In Year 8 topics studied will include: Heat and Energy Generation, Digestion and Respiration, Space, Ecology and Environment, Metals and Reactivity, Pressure and Moments, Genetics and Genetic Engineering, Environmental Chemistry and Materials.
Ethics has this year been introduced to our KS3 curriculum. The purpose of our Ethics lessons is to promote ethical thinking, cultural cohesion and respect for the values of others. As this is a new subject, yr7 & 8 are currently following the same content.
- Understanding ethics
- Ethical and moral dilemmas
- Ethics and the environment
- The value of life
- Prejudice and discrimination
Mathematics is a key subject because of the vital role mathematical thinking has for all members of modern society. It is used in the workplace, business and finance; and for personal decision-making. It is fundamental to national prosperity in providing tools for understanding science, engineering, technology and economics, and essential in public decision-making.
It gives our students uniquely powerful ways to describe, analyse and change the world. It stimulates moments of pleasure and wonder for them when they solve a problem for the first time, discover a more elegant solution, or notice hidden connections. People who are functional in mathematics and financially capable are able to think independently in applied and abstract ways, and can reason, solve problems and assess risk.
At Key Stage 3 students follow a programme of work in line with the National Curriculum in Year 7 and Year 8. They cover Number, Algebra, Geometry and Statistics topics and complete a range different activities in their lessons.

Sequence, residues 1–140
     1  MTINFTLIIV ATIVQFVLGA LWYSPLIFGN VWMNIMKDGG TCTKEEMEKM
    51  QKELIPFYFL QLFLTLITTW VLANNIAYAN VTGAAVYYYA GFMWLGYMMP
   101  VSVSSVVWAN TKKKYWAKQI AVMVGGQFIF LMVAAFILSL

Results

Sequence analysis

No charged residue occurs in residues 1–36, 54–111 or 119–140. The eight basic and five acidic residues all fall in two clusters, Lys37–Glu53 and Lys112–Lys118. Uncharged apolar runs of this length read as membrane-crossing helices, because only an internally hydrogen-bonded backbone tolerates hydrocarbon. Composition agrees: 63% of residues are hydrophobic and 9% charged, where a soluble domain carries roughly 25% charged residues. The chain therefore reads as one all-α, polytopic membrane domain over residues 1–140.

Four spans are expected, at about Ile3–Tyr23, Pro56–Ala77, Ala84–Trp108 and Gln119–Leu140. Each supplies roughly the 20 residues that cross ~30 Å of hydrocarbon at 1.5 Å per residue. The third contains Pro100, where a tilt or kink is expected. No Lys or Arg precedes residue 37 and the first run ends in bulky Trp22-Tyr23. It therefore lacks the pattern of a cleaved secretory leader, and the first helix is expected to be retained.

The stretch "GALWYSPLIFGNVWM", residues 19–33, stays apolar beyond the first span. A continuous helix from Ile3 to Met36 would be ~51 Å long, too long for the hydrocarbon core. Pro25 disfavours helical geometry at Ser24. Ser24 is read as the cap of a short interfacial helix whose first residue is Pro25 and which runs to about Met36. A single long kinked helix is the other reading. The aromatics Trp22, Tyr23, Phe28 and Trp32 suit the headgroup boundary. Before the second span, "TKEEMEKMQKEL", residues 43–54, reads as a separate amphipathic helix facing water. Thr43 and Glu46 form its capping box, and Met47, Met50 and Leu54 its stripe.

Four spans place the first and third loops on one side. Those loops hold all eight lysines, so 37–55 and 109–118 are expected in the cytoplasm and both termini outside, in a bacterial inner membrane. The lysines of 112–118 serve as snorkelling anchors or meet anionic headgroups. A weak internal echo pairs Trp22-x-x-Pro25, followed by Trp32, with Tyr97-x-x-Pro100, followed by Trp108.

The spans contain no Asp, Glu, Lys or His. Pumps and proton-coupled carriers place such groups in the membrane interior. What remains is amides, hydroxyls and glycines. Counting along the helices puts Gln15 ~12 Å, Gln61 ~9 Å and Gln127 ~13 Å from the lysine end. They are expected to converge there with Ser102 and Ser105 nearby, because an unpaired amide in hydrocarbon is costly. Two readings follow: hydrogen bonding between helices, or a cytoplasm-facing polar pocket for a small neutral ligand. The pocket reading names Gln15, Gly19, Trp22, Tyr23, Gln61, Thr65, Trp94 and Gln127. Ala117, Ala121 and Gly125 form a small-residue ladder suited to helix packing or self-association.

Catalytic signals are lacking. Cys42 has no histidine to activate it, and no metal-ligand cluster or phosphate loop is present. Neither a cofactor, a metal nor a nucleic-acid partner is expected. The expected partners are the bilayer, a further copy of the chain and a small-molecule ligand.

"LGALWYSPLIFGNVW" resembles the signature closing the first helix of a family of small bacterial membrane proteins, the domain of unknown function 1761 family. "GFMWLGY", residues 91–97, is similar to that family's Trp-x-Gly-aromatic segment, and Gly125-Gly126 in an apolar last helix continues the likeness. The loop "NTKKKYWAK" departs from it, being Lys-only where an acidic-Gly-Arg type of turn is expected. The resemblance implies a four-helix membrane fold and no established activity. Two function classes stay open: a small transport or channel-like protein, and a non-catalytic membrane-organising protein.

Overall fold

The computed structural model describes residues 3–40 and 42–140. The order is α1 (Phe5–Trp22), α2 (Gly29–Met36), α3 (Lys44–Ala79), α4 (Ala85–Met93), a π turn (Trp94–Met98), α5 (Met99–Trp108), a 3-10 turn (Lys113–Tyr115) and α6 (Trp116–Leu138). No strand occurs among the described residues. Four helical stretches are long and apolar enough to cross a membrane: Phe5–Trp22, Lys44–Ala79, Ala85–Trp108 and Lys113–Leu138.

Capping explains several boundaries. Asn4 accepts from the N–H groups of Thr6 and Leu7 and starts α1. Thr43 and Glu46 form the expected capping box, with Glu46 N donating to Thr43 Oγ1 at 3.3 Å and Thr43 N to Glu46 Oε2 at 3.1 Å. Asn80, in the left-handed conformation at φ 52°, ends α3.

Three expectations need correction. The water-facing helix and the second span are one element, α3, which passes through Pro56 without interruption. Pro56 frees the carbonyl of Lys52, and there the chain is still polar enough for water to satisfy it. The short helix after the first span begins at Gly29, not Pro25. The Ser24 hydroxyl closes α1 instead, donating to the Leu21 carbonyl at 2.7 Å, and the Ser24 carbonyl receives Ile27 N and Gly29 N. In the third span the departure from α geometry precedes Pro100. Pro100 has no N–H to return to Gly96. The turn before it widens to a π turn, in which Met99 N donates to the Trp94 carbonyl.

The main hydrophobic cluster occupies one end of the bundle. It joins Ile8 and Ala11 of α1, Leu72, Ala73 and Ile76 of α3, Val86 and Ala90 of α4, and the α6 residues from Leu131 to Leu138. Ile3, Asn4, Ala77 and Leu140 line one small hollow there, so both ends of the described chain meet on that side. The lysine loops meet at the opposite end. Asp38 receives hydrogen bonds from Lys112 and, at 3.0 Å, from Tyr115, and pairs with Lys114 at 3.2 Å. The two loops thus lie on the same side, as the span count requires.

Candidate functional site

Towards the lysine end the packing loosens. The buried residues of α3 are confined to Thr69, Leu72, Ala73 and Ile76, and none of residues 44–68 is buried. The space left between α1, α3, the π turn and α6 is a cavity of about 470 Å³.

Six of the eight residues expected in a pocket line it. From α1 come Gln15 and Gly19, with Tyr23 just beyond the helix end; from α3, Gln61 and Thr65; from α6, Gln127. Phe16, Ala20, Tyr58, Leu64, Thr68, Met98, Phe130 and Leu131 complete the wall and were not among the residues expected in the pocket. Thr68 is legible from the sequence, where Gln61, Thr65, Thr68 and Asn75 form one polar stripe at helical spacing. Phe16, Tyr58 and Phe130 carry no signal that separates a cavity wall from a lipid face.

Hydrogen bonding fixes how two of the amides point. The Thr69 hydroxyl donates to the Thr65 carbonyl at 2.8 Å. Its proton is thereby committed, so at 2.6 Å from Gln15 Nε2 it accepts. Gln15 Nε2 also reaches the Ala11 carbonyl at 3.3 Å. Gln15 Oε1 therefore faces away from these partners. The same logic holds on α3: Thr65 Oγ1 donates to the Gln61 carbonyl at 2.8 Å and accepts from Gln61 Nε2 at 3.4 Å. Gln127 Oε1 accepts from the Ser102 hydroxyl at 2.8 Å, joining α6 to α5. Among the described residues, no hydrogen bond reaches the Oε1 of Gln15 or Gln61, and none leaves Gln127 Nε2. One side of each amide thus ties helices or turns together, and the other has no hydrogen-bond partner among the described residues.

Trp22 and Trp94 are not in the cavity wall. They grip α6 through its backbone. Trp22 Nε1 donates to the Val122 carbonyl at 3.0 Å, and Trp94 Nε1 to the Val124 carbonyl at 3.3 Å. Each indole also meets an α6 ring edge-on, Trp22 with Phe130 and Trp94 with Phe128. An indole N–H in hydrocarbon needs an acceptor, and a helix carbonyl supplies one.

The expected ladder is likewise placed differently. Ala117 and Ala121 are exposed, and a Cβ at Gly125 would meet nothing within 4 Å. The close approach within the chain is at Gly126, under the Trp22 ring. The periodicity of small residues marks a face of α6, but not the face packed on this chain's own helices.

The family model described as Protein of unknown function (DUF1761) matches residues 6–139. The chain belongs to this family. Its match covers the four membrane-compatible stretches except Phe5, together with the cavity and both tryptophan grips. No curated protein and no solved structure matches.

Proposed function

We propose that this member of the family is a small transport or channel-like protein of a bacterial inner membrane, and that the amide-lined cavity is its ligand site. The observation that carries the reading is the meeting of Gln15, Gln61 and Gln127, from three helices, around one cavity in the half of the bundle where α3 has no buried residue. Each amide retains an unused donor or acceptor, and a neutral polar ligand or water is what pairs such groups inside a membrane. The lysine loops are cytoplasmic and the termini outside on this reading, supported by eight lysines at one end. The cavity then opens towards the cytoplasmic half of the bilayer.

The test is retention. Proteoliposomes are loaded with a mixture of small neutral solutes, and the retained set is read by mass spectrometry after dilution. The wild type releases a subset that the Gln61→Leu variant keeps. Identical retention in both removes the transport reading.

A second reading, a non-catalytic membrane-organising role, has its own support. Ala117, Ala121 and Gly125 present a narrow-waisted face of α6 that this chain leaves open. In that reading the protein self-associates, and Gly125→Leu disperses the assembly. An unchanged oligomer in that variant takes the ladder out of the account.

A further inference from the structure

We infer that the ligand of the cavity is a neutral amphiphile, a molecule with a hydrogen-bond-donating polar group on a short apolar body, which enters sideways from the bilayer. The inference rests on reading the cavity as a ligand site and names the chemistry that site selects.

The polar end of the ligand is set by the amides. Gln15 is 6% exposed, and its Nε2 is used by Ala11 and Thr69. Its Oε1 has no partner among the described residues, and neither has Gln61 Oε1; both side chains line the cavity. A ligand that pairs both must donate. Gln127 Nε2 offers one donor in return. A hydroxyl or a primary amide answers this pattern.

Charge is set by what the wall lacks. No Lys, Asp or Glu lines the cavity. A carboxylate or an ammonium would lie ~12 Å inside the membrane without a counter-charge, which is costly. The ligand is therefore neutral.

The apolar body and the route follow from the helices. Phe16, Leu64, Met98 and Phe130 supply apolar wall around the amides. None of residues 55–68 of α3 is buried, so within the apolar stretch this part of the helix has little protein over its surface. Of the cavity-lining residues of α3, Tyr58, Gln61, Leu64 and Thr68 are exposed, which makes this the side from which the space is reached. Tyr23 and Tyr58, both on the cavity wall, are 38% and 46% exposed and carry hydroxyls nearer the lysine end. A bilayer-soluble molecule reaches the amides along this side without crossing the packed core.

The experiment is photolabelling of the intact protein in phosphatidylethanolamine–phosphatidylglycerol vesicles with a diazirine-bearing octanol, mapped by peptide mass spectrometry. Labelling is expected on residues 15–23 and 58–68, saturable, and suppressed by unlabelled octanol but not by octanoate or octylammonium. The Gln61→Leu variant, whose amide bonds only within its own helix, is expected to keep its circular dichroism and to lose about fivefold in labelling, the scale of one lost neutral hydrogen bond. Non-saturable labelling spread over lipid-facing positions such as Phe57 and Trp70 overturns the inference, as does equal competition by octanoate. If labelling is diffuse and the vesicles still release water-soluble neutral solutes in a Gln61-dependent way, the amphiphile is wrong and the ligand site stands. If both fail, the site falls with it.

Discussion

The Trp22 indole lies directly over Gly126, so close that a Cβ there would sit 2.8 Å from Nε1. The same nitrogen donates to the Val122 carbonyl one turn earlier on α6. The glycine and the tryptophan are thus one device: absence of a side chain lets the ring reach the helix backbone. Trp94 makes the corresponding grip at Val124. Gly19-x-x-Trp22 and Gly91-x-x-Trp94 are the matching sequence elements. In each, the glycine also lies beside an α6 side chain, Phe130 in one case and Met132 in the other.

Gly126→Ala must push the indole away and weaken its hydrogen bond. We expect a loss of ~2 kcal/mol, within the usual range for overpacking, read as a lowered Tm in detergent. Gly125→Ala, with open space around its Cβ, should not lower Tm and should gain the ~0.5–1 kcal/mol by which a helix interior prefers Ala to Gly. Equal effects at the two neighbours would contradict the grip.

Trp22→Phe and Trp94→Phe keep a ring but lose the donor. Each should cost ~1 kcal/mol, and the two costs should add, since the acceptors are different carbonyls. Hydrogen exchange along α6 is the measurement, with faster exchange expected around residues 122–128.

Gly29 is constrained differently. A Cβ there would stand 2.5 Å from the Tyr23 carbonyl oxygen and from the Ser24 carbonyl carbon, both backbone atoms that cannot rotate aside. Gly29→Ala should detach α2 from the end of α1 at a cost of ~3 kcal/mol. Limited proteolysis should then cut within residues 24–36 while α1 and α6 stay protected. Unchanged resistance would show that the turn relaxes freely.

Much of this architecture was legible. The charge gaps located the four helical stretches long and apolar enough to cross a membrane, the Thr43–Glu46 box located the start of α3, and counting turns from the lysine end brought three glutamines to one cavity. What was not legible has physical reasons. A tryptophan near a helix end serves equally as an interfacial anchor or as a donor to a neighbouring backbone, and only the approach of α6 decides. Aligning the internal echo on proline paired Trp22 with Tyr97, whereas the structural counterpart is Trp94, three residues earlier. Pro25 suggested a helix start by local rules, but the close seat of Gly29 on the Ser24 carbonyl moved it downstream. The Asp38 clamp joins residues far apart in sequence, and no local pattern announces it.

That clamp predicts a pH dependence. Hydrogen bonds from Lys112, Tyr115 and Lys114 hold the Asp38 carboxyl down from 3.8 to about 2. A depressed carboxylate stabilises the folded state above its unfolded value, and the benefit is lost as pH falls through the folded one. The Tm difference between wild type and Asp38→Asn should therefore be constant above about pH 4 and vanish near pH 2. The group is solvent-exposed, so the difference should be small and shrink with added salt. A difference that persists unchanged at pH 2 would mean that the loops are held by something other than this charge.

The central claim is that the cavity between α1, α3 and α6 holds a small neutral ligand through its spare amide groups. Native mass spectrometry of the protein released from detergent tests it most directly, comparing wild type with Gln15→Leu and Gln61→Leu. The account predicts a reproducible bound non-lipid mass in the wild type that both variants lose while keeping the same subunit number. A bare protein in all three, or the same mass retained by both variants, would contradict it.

Changes made to the National Curriculum at Key Stage 4 have been filtered into the topics being taught during these years to allow the students further challenge and they are given the change to explore the topic and discover the knowledge independently.
Students are set one piece of homework per week to complete. They can stay on for Session 6 should they require any support with either classwork or homework. We also run session 6 activities on problem-solving to help support students.
In KS3 History, students are taken on journey covering some of the most famous riots and battles, as well guts and gore.
In Year 7 students study: what is history, Normans, Battle of Hastings, Medieval kings, Rats & Rebels, The War of Roses, Henry the VIII, Religious reform, Britannia and The Civil War.
In Year 8 students will study; The French Revolution, Making Money, Riots (Peterloo), The Industrial Revolution, Dirty Cities, Native Americans, Civil rights movement and World War 1 local studies.
KS3 geography lessons are divided into physical and human geography. The termly units contain content on a variety of topics to help inspire students about the world around, near and far and at the same time learn some key geographical skills.
In Year 7 physical geography, students will study: maps and mapping, glaciers, rivers and coasts. The human geography includes: The UK, Corby, Asia, China and Japan.